Leah Guadagnoli: Everything All At Once

Review by Kelsey King

Sadie Halie Projects
Oct 21–Nov 14, 2017

Leah Guadagnoli’s work hanging in the small garage of Sadie Halie Projects immediately reads as nostalgia for the ‘90s. “Everything All at Once” acts as a time warp, where the viewer walks into the pop hit “Candy” by Mandy Moore and is surrounded by patterns straight out of Rocko’s Modern Life or Saved by the Bell. The small objects are befitted with textiles speckled with neon squiggles, pastel paint strokes, black and white flecks and geometric shapes that are reminiscent of roller rink carpets and public transportation seats. I’m reminded of the shirts my mom wore as I was growing up, and then of sifting through bins of that same clothing at thrift stores years later. With the 90s remembered as a decade of economic prosperity and relative quietude, I feel a sense of escapism to an easy moment in time with Guadagnoli’s objects. The artworks operate as playful reminders of a period less racked with political uncertainty and fear. The softness in her pieces is at once literal and emblematic– it acts as a blanket over the mind.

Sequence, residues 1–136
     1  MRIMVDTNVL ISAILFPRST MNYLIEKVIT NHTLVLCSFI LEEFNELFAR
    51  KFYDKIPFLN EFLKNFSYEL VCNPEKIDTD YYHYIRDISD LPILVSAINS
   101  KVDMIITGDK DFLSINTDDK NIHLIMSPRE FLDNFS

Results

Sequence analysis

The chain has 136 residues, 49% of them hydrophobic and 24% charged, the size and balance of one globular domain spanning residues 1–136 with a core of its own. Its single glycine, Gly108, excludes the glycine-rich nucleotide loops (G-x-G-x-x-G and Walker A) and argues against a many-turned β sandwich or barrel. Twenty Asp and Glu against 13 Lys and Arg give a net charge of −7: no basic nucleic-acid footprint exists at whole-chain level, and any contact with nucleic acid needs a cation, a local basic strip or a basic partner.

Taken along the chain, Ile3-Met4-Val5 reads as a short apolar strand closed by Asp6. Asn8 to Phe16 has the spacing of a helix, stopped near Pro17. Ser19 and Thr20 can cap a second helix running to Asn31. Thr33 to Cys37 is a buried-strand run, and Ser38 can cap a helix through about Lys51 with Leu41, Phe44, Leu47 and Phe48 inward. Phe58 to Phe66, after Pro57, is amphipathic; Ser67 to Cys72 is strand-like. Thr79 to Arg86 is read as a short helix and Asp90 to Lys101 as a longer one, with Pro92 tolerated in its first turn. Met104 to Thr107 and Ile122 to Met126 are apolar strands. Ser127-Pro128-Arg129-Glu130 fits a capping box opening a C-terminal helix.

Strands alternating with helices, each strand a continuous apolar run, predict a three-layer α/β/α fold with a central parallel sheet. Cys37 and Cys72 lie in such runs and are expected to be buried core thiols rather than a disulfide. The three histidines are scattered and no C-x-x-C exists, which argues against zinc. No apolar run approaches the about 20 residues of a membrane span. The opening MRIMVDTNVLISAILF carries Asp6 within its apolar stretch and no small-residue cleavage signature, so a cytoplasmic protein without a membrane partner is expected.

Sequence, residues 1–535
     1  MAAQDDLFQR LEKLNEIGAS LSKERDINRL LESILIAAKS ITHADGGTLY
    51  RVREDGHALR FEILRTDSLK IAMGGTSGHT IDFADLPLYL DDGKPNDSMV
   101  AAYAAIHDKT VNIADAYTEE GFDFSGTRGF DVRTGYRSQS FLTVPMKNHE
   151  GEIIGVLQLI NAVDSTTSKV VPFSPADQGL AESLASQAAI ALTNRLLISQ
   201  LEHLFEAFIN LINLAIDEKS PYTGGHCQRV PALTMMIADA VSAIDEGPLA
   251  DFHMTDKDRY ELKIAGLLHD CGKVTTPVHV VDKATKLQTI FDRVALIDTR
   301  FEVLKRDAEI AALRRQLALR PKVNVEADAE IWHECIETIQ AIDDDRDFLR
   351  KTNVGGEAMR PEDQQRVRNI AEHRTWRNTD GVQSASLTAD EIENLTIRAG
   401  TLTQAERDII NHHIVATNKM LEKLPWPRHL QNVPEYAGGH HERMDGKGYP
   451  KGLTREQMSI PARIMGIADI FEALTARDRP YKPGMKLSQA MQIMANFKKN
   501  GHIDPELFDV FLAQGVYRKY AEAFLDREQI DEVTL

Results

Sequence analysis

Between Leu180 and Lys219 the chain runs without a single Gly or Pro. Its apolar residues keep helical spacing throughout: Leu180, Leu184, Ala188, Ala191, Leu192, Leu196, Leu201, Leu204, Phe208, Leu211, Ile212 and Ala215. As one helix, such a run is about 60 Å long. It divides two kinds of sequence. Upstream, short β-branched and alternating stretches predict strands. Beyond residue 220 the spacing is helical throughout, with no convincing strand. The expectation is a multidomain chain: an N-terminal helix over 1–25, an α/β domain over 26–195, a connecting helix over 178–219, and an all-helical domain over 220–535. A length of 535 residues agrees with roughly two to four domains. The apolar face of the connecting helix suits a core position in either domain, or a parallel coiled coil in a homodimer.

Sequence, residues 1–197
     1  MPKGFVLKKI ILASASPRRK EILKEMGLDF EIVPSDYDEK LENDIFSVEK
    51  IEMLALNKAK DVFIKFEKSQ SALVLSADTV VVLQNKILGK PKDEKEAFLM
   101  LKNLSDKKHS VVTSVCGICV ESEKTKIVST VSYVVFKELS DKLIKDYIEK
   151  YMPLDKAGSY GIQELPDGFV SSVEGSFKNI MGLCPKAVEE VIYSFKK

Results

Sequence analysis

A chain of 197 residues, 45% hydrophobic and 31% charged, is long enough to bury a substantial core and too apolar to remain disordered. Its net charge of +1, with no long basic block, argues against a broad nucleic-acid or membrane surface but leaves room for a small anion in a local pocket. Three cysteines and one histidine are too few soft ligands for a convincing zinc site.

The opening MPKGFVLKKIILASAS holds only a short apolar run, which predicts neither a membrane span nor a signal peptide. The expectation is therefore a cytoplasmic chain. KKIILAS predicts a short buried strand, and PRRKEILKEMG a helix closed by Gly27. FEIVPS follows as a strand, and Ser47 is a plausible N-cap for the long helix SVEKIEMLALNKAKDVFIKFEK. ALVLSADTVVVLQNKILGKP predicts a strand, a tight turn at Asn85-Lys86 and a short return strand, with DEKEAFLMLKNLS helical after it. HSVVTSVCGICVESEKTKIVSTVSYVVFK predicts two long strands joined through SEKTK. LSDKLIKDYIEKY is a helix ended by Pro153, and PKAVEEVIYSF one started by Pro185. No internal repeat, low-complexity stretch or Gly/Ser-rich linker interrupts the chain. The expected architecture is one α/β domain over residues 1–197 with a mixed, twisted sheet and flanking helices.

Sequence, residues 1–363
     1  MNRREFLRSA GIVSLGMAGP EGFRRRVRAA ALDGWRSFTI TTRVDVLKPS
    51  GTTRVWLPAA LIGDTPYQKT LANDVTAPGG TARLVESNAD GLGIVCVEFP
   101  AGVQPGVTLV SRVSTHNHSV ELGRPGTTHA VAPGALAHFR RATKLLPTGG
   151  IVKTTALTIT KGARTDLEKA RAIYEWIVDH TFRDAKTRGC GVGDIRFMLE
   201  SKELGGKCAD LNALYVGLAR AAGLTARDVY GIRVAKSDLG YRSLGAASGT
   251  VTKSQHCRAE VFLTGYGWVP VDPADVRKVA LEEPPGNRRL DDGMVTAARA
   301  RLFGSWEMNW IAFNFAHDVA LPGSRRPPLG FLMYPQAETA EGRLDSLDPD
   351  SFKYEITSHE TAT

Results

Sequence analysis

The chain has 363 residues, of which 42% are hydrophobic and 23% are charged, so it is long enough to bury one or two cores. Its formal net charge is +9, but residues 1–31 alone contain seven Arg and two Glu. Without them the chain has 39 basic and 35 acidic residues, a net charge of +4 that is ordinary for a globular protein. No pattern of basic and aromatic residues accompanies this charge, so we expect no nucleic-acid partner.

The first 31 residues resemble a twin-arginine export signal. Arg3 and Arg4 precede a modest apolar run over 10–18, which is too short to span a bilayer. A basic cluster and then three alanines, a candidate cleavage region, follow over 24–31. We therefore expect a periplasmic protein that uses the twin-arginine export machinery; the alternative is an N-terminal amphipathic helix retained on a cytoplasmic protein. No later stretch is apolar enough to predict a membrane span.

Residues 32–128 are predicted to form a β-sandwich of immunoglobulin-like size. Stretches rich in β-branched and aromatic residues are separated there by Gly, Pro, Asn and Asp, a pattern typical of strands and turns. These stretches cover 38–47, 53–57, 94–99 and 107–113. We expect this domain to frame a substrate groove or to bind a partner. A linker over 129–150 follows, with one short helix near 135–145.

Bearing similarities to artist Ruth Root and designer Ellen Van Dusen, Guadagnoli’s objects exist on the fringes of painting and design. In their upholstered state, they suggest furniture deconstructed and displaced. These upholstered fragments joined by planes of stucco-textured pieces and painted wooden semicircles also conjure memories of Cubist paintings in which violins and guitars are visually disassembled. Similar to Cubist paintings of string instruments, Guadagnoli’s objects–rooted in geometric form–lack emotion or personality. The patterns blatantly reference a time past, but the artist’s personal connection to this period cannot be found in the work. Part of this can be attributed to the nature of ‘90s textiles: they’re playful, lighthearted, and visibly embody a dormant decade. Combined with the objects’ neatly upholstered and carefully assembled shapes, the body of work takes on a distinctly formal and mechanical mood. The sentimental relationship that one might expect Guadagnoli to have with her textiles is visually absent in her clean, structural forms. While momentarily creating a sweet escape to an idealized time, “Everything All at Once” ultimately feigns nostalgia, lacking sincerity and struggling to find its own voice. The simplicity of the work does not present a lasting challenge to the viewer.

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